Catholic News Service
ROME — Rome’s Colosseum, long a symbol of the persecution of early Christians, was bathed in red light late Feb. 24 as a reminder of and a prayer for the thousands of Christians being persecuted for their faith today.
The family of Asia Bibi, a Christian woman sentenced to death under Pakistan’s highly criticized anti-blasphemy laws, and Rebecca Bitrus, a Nigerian Christian who was held in captivity for two years by Boko Haram terrorists, told their stories before the red lights were shined on the Colosseum.
Bitrus and Bibi’s husband and daughter had met earlier in the day with Pope Francis at the Vatican. They were accompanied by leaders of Aid to the Church in Need, a Catholic foundation that has a long history of assisting persecuted Christians.
Alessandro Monteduro, director of the Italian section of Aid to the Church, said the 40-minute meeting with Pope Francis was “extraordinary,” particularly because the entire encounter took place in an atmosphere of prayer by the pope and by his guests.
The pope “wanted everyone to pray together in their own languages,” he said. So Eisham, Asia Bibi’s youngest daughter, prayed in Urdu and Bitrus prayed in Hausa.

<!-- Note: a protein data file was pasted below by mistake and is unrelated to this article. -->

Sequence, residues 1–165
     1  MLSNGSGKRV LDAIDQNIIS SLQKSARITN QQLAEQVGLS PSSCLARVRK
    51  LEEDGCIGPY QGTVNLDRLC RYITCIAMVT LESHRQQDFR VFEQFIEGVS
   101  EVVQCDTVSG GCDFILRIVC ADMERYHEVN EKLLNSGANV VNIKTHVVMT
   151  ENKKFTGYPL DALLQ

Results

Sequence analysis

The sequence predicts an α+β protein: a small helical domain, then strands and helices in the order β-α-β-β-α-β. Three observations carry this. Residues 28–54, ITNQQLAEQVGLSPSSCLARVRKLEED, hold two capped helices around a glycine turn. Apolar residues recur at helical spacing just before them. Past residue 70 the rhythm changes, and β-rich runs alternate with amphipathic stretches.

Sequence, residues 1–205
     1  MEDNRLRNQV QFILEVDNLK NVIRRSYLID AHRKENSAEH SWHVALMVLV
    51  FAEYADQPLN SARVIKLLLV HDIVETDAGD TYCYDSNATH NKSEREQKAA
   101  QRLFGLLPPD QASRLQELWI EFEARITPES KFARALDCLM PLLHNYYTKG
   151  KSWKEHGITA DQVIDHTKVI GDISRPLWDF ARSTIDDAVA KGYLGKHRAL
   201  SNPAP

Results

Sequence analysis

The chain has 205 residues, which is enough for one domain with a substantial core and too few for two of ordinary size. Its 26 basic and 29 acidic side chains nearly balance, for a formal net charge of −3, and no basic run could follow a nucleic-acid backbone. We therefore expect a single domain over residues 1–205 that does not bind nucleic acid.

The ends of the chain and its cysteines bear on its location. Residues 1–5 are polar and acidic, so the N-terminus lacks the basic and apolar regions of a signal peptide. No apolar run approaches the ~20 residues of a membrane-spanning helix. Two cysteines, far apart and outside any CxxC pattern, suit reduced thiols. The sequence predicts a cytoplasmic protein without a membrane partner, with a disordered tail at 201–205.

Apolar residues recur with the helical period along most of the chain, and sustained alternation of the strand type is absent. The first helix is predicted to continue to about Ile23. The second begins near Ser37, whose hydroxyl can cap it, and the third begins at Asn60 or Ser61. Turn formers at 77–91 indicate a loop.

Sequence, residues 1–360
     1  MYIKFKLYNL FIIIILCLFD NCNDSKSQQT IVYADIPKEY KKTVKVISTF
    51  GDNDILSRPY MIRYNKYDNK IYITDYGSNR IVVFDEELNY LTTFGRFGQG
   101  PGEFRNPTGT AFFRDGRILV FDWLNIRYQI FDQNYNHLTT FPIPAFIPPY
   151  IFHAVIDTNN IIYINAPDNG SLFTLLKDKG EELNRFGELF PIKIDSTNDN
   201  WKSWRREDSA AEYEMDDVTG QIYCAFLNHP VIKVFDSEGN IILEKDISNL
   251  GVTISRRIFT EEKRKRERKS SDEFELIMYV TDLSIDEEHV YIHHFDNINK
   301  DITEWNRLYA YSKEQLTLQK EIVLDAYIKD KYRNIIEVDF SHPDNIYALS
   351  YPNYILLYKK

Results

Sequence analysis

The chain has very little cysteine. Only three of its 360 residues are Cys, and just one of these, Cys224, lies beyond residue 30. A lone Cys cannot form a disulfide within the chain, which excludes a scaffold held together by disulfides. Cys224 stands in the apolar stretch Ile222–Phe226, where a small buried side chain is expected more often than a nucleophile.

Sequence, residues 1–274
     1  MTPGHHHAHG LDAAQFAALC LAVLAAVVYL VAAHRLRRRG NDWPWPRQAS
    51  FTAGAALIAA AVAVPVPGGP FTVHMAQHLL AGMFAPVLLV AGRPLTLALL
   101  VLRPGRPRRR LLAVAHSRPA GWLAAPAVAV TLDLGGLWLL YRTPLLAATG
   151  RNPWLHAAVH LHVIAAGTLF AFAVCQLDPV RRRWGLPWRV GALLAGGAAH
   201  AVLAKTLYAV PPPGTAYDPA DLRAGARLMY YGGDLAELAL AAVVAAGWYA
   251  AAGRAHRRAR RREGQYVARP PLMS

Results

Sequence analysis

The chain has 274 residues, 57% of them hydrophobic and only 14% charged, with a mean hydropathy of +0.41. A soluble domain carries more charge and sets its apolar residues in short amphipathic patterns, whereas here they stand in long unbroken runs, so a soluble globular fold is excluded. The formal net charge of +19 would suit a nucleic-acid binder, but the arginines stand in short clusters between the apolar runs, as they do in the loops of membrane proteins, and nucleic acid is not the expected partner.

“It was a moment of extraordinarily intense emotion,” Monteduro said.
Eisham had visited her mother in prison Feb. 17 and told her about the trip to Rome, he said. Asia Bibi told her, “If you meet the pope, give him a kiss from me.” And the young woman did.
Monteduro said the pope told those present that Bitrus and Asia Bibi are “marvelous women martyrs, examples for a civilization that is afraid of suffering.”
Cardinal Pietro Parolin, Vatican secretary of state, represented Pope Francis at the service at the Colosseum, expressing his hope that by lighting up such an iconic monument, people would overcome their indifference to the plight of anyone persecuted for his or her faith.
“This evening we remember all victims of hatred,” he said, and all who suffer because of a spreading “mentality that leaves no room for others,” that tries to “suppress” those who are different, rather than integrate them.